Several buffering systems can preserve normal pH levels for your body fluids.

Your body needs a constant pH level because even a slight pH change can be harmful or deadly (22, 23).

Proteins are one way to control the body’s pH level. Hemoglobin, a protein that shapes red blood cells, is an example.

Hemoglobin binds small amounts of acid to help maintain the blood’s usual pH level. Phosphate and bicarbonate are the other buffer structures in your skin (24).

6. Transports Nutrients

Transport proteins carry molecules throughout the bloodstream, into, out of, or inside cells.

Nutrients such as vitamins or minerals, blood sugar, cholesterol, and oxygen are the substances transported by these proteins (25, 26, 27).

Hemoglobin, for example, is a protein that carries oxygen to body tissues from your lungs.

Glucose transporters (GLUT) carry glucose to your cells, while lipoproteins carry cholesterol and other fats in your blood.

Protein carriers are unique, so they only bind to particular substances.

A protein that carries glucose will not carry cholesterol. Proteins also have functions in storage (28, 29).

For instance, ferritin is a protein that makes iron available for vital cellular functions while shielding lipids, DNA, and proteins from potentially toxic effects of iron (30).

Another protein that is processed is casein, which is the key milk protein that helps babies grow.

7. Balances Fluid Levels

Protein regulates the body to maintain fluid balance.

Albumin and globulin are blood proteins that help keep the fluid balance in your body by attracting and keeping the liquid (31, 32).

If you don’t consume enough protein, your albumin and globulin levels will fall. As a result, these proteins can no longer hold blood in your blood vessels, and the fluid is pushed into the gaps between your cells.

The fluid keeps building up in the spaces between your cells. Swelling or edema will occur in the belly region (33).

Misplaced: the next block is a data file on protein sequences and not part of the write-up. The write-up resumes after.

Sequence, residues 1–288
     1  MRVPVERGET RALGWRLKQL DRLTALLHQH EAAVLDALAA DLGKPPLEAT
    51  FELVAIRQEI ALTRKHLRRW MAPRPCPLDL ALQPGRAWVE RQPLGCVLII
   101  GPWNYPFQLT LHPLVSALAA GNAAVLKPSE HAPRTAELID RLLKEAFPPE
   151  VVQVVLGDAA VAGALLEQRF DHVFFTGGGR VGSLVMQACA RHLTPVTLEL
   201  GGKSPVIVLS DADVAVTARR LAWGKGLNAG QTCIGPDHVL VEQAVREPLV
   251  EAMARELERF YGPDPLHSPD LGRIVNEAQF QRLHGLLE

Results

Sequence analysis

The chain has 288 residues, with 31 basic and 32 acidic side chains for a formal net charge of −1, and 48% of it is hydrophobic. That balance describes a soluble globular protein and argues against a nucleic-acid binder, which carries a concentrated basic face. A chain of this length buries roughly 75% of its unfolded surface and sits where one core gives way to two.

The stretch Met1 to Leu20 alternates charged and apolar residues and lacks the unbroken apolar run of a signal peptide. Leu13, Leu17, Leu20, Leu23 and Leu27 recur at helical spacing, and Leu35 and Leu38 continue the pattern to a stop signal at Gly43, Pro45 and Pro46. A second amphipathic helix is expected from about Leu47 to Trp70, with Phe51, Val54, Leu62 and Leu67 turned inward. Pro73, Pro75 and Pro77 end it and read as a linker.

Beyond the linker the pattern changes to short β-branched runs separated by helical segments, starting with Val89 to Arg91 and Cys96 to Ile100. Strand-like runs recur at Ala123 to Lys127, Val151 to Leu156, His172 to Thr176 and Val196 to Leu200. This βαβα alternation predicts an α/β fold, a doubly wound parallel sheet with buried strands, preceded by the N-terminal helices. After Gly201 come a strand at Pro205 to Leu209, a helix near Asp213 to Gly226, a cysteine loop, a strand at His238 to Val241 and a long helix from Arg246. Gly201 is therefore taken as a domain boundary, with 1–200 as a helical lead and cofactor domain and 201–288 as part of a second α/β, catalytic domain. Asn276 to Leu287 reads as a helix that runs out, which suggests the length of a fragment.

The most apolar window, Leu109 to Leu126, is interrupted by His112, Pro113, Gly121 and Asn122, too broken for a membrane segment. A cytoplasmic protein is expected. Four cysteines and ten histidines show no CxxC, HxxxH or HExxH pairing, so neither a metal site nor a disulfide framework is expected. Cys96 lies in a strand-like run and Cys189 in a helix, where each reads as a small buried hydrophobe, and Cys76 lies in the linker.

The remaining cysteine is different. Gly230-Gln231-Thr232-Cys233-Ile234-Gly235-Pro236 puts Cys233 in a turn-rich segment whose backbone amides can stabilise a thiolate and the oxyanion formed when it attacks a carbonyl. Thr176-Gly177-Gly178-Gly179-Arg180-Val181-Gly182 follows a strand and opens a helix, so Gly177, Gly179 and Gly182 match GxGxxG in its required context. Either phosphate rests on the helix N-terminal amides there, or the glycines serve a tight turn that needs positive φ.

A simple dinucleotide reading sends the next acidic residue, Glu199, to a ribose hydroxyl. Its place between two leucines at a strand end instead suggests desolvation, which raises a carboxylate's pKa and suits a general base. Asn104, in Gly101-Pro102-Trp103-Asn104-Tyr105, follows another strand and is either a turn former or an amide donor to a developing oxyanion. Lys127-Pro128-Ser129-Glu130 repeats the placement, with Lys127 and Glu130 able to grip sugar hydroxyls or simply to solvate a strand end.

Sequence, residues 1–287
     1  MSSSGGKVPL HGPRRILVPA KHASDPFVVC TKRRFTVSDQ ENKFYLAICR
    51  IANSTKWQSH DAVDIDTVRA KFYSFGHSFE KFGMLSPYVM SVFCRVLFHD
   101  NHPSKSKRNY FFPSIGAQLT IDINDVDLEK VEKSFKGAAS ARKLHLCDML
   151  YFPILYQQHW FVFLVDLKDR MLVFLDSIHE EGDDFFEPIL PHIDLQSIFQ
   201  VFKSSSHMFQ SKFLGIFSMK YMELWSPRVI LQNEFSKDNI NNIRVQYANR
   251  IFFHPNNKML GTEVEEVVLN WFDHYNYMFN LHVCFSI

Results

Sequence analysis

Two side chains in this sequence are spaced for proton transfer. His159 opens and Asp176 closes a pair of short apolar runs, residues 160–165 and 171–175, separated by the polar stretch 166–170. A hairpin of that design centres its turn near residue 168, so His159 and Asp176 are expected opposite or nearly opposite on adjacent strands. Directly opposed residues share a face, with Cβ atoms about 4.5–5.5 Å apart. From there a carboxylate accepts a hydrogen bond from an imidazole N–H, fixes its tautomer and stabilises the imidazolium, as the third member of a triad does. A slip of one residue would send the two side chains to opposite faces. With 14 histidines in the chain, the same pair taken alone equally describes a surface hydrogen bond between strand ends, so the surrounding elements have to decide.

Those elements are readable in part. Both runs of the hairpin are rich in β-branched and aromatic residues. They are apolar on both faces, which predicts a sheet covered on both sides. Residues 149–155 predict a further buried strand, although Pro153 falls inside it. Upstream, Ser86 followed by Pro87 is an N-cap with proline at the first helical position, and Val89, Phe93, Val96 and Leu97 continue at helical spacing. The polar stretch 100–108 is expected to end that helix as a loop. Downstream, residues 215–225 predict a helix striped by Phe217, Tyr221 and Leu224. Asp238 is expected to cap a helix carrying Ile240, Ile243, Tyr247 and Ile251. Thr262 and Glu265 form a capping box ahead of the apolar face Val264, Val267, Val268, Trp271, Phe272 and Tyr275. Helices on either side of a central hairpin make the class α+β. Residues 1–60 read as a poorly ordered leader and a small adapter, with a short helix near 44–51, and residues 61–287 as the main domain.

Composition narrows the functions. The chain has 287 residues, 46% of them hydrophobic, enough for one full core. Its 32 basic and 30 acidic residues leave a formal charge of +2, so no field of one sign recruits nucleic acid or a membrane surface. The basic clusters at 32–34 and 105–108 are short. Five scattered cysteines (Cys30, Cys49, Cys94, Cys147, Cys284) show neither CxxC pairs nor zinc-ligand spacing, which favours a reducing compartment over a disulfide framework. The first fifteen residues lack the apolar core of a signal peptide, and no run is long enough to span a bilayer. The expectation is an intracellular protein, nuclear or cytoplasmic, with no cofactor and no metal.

This is severe protein malnutrition called kwashiorkor, that develops when a person consumes a lot of calories but does not consume sufficient protein (34).

Kwashiorkor is rare in developed countries and is present in countries where poverty is at its peak.

8. Biochemical Reactions

Enzymes are proteins that support millions of biochemical reactions occurring inside and outside the cells (35).

The enzyme structure allows them to interact inside the cell with other molecules called substrates, catalyzing reactions important to your metabolism (36).

However, enzymes may function outside the cell, such as digestive enzymes, lactase, and sucrase, which help digest sugar.

Many enzymes require other molecules for a reaction, such as vitamins or minerals.

Bodily functions depend on enzymes such as digestion, energy production, blood clotting, and muscle contraction. (37).

The lack of these enzymes may lead to disease (38).


Protein has many functions inside the human body. This helps stabilize and build the tissues of your body, enables metabolic reactions to occur, and regulates body functions.

Besides providing a structural foundation for your body, proteins also maintain proper pH and fluid balance in the body.

They keep your immune system healthy, carry and store nutrients, and can serve as an energy source.

However, proteins are the building blocks of life and the most important nutrients.